Exogenous shocks

As I write this, Twitter is going berserk with news of Malaysian Airlines Flight 17 from Amsterdam to Kuala Lumpur with 280 passengers and 15 crew having gone down in Ukrainian airspace. There is video and photo footage of the wreckage. And my heart goes out to friends and family of those onboard because they are learning about the tragedy via the media in a very confused and haphazard way.

From what I have seen and heard, it is clear that flight controllers lost contact with the aircraft 50 to 60 kn from the Russian border at an altitude of 10km. Some are saying that the plane has been shot down. And I am also hearing that Ukrainian officials believe separatists they call “terrorists” used a Buk ground-to-air missile to bring the plane down. I am also hearing that the US government now believes that the Russians shot down a Ukrainian cargo plane on Monday.

It is hard to make any judgment calls about what is going on with the limited information we have now. We don’t even know if the plane was shot down. But what seems clear to me is that the Ukrainian crisis has taken a serious, unexpected and negative turn. It’s hard not to believe there will no diplomatic or military consequences from the shooting down of a civilian jet airliner passing through Ukrainian air space.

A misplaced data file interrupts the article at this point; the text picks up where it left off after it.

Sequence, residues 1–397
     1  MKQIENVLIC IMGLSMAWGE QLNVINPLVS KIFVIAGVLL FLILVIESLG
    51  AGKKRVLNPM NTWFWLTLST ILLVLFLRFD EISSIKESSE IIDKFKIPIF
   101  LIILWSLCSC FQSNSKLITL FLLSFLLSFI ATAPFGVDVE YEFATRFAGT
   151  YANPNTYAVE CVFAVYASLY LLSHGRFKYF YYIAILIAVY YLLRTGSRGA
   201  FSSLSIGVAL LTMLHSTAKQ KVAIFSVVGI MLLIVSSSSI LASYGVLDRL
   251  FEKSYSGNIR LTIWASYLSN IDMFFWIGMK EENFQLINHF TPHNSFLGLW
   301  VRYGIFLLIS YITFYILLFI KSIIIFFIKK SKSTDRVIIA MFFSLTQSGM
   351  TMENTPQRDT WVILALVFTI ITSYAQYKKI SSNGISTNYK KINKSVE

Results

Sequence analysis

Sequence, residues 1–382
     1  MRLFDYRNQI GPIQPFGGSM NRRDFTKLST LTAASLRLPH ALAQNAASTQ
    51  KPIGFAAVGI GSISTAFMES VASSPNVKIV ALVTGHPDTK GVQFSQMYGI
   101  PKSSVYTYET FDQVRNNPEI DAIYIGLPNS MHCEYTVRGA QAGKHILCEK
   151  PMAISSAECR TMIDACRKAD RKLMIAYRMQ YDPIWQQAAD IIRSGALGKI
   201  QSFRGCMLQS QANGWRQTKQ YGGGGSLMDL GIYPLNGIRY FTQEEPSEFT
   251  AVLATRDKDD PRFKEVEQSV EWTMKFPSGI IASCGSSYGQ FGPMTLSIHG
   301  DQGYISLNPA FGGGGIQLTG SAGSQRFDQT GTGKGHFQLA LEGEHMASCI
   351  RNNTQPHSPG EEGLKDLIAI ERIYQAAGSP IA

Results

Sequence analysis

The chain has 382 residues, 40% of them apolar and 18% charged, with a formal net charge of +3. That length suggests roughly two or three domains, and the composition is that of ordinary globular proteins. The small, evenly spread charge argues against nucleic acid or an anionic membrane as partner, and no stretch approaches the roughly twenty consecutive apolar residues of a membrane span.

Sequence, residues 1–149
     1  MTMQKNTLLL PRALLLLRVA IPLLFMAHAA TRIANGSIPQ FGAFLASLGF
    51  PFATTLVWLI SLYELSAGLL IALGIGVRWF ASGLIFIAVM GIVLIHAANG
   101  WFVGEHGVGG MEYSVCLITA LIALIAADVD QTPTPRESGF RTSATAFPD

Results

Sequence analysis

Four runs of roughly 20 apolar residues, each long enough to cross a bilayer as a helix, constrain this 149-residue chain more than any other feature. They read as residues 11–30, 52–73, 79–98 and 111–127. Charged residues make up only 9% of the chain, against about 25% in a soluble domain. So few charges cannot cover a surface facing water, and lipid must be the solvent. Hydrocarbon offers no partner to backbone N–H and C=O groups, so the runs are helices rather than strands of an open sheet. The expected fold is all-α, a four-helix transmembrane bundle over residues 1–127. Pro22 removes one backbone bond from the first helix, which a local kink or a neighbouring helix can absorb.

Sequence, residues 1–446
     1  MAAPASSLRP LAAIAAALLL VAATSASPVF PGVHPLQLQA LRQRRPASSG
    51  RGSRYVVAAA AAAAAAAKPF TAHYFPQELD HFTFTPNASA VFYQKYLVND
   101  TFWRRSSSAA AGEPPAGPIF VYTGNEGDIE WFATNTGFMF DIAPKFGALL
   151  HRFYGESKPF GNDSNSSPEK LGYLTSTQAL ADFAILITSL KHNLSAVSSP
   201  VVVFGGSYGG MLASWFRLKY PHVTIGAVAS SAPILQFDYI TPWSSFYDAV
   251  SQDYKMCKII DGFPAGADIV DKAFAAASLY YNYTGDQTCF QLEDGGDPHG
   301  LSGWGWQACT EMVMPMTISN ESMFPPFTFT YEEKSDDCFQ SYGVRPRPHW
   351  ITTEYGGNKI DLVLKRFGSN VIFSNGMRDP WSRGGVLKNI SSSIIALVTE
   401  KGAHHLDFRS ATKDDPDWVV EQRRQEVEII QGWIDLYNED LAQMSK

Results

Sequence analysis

When the Dubai World default worries occurred in November 2009, no one could know it would lead to a European sovereign debt crisis but that was the most serious consequence of that event. Here, we can’t know where this will lead. But there will be serious consequences.

This is a truly exogenous shock. Yes, there has been military conflict in Ukraine. However, no one could have predicted something like this. And so the question is where do the vulnerabilities lie in the real economy and in the financial world. It is not necessarily Ukraine or Russia where the locus of economic crisis could occur. We could get something completely unrelated fro this event – like a wholesale repricing of risk.

In any event, that is the nature of exogenous shocks. It is the butterfly effect that rules with unpredictable consequences. Watch economies and markets that are vulnerable: Europe, European sovereign bonds, oil, leveraged loans.

I will leave it there and have more to say as events unfold. But I think this is a very big deal.

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